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Romero Guitar Quartet at the Lobero Theatre

Family of Guitarists

Celin and Pepe Romero now have a quartet with their younger cousins, Celino and Lito. On Friday, they were joined onstage by yet another guitar-playing Romero, Pepe and Celin's younger brother, Angel.
David Bazemore

Classical guitar aficionados know that it comes no better than when it’s done by the Romeros. Factoring the sheer combined force of nature and nurture into the equation, it’s no surprise that the family contains several of the finest classical guitarists around. The senior half of the quartet, brothers Celin and Pepe Romero, are the sons of virtuoso Celedonio Romero. The patriarch had them playing before their fourth birthdays, and those six decades of practice have obviously paid off. The junior half of the quartet, cousins Celino and Lito Romero, had three times the number of virtuosos to look up to growing up. It couldn’t have been easy.

On Friday evening, the Romeros took the stage at the Lobero, long a favorite venue of theirs, to celebrate the fiftieth anniversary of Celedonio’s 1958 recital, one of his first performances in America, in the very same theater. The program ranged from pieces as early as Gaspar Sanz’s 17th-century “Suite Espa±ola” to Isaac Albeniz’s surprisingly modern-sounding “Granada” to much newer material composed by Pepe Romero himself. They delivered all 10 stylistically diverse pieces, including a Vivaldi substituted in at the eleventh hour and a surprise flamenco improvisation to wrap things up, with the kind of composed passion that makes even the most hard-won instrumental maneuvers look effortless. It’s an ability that only develops after hundreds upon hundreds of demanding performances, the kind of skill that tempts audiences to explain it away as a miracle of inborn talent.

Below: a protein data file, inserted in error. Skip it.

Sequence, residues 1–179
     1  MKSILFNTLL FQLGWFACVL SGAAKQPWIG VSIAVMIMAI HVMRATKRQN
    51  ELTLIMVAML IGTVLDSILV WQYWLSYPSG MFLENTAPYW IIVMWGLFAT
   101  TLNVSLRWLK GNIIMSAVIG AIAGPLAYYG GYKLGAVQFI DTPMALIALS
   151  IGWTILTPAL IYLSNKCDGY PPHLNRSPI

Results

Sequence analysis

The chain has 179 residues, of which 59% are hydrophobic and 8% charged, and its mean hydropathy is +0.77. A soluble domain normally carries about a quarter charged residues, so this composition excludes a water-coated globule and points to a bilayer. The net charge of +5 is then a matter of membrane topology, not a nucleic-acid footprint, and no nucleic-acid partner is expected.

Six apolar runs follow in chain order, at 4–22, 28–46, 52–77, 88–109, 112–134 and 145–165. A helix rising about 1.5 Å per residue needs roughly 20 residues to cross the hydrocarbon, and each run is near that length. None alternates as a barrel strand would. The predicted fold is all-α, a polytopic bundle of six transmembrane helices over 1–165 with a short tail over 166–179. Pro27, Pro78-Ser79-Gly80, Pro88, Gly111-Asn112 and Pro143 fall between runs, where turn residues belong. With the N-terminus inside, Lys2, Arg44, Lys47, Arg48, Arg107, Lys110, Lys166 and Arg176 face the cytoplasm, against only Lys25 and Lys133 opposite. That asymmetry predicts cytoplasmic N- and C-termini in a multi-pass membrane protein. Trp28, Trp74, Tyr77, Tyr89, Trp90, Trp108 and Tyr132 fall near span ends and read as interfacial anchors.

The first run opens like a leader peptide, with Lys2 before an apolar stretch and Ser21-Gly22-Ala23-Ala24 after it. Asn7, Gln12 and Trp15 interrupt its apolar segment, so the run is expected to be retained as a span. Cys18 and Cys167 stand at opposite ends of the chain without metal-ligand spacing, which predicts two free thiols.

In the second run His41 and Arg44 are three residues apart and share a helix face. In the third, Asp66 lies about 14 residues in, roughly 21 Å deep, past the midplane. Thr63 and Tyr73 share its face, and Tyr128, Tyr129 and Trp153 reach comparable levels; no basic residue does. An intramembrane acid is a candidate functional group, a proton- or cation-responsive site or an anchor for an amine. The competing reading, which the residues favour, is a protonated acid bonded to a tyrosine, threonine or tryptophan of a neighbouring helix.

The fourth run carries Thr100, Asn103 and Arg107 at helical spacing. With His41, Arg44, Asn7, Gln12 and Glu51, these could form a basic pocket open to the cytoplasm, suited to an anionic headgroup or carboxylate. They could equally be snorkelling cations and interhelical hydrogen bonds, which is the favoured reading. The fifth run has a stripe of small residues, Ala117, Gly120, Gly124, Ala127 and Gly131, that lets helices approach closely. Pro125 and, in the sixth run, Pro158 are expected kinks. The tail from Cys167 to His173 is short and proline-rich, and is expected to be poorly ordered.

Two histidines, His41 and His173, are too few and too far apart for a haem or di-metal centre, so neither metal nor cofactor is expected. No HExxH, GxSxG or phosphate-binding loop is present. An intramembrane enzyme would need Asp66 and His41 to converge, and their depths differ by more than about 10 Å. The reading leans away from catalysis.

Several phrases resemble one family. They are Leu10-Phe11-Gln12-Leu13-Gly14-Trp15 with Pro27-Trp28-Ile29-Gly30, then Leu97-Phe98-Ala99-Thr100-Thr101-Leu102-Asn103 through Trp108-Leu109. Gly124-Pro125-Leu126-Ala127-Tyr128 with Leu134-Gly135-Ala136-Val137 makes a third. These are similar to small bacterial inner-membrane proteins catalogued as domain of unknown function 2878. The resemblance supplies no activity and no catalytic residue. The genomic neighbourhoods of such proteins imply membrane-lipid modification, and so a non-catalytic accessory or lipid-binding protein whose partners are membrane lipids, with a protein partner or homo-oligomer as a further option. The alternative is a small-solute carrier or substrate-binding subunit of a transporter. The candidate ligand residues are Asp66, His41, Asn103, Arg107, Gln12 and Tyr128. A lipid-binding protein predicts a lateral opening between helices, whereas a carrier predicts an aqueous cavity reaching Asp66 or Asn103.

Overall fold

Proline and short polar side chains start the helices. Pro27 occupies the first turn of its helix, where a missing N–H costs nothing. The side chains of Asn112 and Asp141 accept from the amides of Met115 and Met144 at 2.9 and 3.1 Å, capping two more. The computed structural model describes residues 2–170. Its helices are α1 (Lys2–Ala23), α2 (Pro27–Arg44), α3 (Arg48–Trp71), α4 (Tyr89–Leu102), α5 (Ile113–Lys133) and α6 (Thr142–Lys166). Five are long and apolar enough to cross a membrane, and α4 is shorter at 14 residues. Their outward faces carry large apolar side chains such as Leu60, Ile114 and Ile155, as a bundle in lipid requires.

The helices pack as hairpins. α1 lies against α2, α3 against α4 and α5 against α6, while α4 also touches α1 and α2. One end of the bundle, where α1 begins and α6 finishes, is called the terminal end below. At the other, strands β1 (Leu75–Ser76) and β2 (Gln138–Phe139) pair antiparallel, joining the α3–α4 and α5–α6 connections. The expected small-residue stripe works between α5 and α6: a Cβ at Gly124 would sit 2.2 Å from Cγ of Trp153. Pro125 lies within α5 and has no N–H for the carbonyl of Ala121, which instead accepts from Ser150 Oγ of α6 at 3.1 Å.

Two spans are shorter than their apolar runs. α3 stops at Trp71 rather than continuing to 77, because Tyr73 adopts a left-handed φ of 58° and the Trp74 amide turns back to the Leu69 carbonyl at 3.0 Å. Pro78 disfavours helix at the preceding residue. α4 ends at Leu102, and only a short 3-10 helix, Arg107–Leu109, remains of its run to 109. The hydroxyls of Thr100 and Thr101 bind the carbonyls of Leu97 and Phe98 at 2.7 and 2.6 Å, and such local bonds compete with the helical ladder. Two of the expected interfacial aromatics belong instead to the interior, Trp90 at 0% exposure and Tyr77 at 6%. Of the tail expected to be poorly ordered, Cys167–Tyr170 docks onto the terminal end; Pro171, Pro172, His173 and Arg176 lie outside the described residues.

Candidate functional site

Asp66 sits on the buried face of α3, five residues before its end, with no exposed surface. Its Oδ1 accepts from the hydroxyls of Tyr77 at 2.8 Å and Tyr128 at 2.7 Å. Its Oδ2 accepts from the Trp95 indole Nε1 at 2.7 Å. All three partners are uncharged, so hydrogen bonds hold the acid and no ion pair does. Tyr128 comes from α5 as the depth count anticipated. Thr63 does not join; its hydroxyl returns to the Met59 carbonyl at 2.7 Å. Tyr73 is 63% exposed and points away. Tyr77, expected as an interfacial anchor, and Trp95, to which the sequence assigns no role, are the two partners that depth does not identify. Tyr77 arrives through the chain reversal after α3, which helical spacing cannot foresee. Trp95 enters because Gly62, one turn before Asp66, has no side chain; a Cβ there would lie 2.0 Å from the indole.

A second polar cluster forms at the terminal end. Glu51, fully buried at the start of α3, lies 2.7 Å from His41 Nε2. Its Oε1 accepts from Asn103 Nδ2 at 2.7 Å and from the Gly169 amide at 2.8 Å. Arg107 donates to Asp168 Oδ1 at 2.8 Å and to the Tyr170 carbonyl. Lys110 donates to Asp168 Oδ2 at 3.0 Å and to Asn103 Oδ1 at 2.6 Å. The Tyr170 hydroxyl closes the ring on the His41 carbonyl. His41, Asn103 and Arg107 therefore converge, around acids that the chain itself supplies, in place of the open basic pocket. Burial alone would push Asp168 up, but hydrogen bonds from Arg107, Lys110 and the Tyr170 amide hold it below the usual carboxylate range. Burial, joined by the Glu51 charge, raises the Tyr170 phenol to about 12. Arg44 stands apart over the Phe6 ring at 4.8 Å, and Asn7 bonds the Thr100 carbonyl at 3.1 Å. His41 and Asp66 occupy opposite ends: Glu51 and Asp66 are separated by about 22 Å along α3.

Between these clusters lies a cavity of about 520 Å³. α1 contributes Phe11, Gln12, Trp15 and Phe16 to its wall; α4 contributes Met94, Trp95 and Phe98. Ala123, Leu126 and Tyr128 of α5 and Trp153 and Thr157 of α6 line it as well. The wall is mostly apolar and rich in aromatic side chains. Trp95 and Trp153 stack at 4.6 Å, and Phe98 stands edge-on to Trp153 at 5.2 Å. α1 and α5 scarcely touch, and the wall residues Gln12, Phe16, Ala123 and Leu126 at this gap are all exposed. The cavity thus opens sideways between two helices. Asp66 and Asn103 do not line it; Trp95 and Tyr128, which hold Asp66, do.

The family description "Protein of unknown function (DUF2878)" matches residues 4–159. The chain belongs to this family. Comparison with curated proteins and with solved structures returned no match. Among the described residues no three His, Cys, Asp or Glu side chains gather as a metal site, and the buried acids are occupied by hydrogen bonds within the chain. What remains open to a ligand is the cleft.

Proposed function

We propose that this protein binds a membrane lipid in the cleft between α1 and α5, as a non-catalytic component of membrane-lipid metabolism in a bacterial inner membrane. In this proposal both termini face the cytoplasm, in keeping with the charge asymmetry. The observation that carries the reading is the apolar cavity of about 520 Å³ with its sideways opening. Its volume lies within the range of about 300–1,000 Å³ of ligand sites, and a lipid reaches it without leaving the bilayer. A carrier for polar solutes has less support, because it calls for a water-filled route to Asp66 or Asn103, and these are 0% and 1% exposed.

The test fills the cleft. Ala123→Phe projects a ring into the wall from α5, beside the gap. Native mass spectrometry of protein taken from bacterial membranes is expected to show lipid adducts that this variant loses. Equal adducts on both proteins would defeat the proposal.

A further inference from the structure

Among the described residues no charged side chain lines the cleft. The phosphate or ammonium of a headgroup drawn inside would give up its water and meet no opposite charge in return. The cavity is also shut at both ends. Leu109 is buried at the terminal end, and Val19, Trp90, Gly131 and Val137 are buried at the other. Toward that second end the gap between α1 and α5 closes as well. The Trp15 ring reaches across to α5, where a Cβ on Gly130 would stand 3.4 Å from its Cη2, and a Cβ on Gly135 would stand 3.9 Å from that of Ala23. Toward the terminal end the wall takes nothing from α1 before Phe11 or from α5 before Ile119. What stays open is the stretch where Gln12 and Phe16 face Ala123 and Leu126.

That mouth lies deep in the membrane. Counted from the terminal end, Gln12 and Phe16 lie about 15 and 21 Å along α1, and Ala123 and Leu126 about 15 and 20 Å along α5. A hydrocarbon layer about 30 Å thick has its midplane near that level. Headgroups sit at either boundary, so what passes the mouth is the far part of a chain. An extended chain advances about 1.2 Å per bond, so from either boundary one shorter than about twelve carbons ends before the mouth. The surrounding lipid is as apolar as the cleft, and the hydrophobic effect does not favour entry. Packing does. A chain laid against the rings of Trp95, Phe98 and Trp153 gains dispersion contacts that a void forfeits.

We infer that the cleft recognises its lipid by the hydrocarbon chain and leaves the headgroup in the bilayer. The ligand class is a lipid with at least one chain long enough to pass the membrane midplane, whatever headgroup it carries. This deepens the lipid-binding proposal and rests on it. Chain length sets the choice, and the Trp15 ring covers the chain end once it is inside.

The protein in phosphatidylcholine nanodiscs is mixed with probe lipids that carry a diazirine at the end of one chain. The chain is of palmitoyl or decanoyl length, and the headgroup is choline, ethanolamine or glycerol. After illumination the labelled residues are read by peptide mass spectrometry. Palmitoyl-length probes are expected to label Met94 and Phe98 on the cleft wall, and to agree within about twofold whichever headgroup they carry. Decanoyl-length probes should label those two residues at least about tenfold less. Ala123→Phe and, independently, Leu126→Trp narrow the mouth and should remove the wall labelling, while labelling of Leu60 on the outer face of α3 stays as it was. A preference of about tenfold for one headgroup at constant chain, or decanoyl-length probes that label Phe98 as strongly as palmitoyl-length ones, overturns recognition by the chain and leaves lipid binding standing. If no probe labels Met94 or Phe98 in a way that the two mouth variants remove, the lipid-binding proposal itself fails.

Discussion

The Romeros make a point of stopping in Santa Barbara when they’re on tour, but even the die-hard fans who catch them every time, and there are many, had a rare treat in the appearance of Angel, Pepe and Celin’s younger brother, who made the quartet a quintet. Sidelined during most of the show due to a shattered disc from a recent surfing mishap, Angel nevertheless managed to play several stunning, unexpected solo pieces, all of which earned powerful ovations. In fact, solo playing provided most of the evening’s tours de force, as when Pepe simulated the sound of a drum with his guitar while still playing it. This wasn’t an ordinary fingers-rapping-on-the-body-of-the-guitar “drum” sound, either: Holding two strings down and plucking them just so, he actually created a snare drum sound of uncanny realism. It was a genuine “How does he do that?” moment for the audience, but for the Romeros, it was business as usual.

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